Litigation is the traditional way to get divorced. In divorce litigation, you and your spouse each hire attorneys (or not), you go to court, and you each either fight until you are exhausted and finally settle, or you go all the way through a trial and a judge decides your divorce issues for you.
The Divorce Litigation Process
While the exact path your divorce litigation will take depends upon the facts and circumstances of your case, as well as the state you live in, the judge who hears your case, and your attorney’s skill and expertise, most divorce cases follow a similar trajectory.
Divorce litigation typically starts when either your attorney or your spouse’s attorney files a petition for divorce in court. The filing attorney then has the divorce papers served on the other side (you or your spouse). Then the responding party files an answer to the Petition and your case begins.
There are lots of different motions or petitions (official documents asking the court to do something) that your attorney or your spouse’s attorney can file. Someone may file a motion for temporary support, custody, or attorney’s fees. The precise motion that get filed depends on you, your spouse, the attorneys, the law in your state, and the facts and circumstances in your case.
Soon after the initial Petition for Divorce (or whatever that document is called in your state) a process of “discovery” begins. “Discovery” is a legal term that identifies the phase of your case in which you and your spouse both try to discover the information you need to resolve your case.
In divorce cases, discovery typically centers around collecting financial information. It can also involve obtaining information about your children, and, depending upon the laws in your state, it might also include trying to uncover information about things you or your spouse did which will affect your case (i.e. affairs, gambling, doing drugs, etc.) To find out what discovery in your case will involve, consult with a divorce attorney in your state.
At some point either you or your spouse (or both of you) either decide you’ve had enough and settle the case, or you go all the way to trial and let a judge decide who gets what and what happens to your kids. Depending upon where you live, and what is involved in your case, getting to trial may take several months, or several years.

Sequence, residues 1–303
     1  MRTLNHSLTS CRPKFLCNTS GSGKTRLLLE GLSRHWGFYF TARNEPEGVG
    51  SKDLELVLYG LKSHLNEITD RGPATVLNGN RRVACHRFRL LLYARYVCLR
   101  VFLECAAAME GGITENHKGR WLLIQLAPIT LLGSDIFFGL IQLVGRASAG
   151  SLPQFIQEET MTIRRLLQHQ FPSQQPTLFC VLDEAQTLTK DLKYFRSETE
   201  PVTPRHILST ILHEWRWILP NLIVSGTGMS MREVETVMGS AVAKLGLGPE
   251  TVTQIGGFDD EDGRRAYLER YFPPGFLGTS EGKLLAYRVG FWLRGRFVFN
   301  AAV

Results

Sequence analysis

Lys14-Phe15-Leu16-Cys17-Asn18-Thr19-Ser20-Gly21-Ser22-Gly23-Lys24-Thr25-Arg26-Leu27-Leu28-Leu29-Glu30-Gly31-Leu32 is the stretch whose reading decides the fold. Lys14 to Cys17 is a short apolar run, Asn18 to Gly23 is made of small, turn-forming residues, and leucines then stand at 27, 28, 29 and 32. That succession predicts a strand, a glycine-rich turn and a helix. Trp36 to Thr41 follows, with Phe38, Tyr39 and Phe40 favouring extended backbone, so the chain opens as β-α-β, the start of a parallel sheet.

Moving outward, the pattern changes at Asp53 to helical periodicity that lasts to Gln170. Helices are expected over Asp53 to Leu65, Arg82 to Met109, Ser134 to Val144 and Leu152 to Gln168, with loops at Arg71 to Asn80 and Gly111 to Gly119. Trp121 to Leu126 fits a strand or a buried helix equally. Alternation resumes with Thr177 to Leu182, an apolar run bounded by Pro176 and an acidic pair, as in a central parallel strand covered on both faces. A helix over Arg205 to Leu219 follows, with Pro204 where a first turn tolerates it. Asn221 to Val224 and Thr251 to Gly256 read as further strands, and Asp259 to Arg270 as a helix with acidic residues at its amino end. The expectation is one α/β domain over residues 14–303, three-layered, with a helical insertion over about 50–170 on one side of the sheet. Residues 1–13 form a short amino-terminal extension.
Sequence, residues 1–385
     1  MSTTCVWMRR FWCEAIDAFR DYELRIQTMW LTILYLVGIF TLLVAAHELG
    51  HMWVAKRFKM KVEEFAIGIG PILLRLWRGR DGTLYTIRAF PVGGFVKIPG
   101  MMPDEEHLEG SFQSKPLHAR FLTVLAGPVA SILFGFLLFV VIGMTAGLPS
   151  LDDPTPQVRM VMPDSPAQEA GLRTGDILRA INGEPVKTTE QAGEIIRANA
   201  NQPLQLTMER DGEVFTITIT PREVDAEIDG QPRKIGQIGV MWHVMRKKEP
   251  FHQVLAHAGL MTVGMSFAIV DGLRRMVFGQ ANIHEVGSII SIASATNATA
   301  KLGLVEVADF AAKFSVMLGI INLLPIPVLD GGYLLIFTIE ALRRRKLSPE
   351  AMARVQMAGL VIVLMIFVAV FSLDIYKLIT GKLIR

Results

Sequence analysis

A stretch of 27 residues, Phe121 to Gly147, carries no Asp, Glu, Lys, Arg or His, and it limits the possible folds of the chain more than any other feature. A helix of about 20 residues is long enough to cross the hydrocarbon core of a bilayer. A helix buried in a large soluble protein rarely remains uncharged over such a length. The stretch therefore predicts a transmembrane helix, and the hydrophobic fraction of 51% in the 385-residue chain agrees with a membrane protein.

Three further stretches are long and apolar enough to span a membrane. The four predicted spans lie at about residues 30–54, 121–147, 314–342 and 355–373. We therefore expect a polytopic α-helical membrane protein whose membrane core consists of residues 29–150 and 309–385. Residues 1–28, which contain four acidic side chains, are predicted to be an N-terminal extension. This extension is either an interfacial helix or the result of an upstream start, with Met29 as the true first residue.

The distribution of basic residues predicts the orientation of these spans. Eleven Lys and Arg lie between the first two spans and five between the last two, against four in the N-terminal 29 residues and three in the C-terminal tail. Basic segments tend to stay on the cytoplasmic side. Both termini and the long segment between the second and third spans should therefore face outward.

You can go to trial with or without an attorney, but going to trial without an attorney is like going to surgery without a doctor. You can do it, but it’s going to hurt a whole lot more. Plus, your chances of having a good outcome (especially if your spouse has a lawyer and you don’t) are pretty slim.
Is Trial Inevitable?
Just because you use traditional divorce litigation to start your case, that doesn’t mean that you have to go all the way to trial. The truth is that most litigated cases end up being negotiated and settled before trial. Many jurisdictions also have mandatory divorce mediation. That means that, even if you have filed your case in court, the judge still requires you to try to settle your case in mediation before you go to trial.
Traditional Divorce Litigation
Divorce litigation is by far the most expensive, time-consuming, and emotionally-draining way to get through your case. If you have a choice, resolving your case any other way is usually better than going all the way through a trial. That having been said, sometimes litigation is your only choice.
If your spouse is abusive, unreasonable, or seriously mentally ill, you may need the protection the court system affords. If your spouse refuses to settle your case, you will have to go to trial. The one advantage that going to court gives you that doesn’t exist with any other divorce process is that it will force your case to end at some point. It may take time, but, eventually, if you can’t settle your case any other way, a judge will decide all of your issues for you.